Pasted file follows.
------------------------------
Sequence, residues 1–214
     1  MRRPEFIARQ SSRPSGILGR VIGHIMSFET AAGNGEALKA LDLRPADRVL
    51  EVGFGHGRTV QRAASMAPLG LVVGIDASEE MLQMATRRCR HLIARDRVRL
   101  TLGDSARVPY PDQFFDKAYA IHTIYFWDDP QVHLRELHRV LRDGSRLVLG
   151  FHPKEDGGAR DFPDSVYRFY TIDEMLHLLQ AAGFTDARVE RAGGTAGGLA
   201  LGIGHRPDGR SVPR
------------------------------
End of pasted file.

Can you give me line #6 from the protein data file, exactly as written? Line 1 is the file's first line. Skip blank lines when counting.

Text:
   201  LGIGHRPDGR SVPR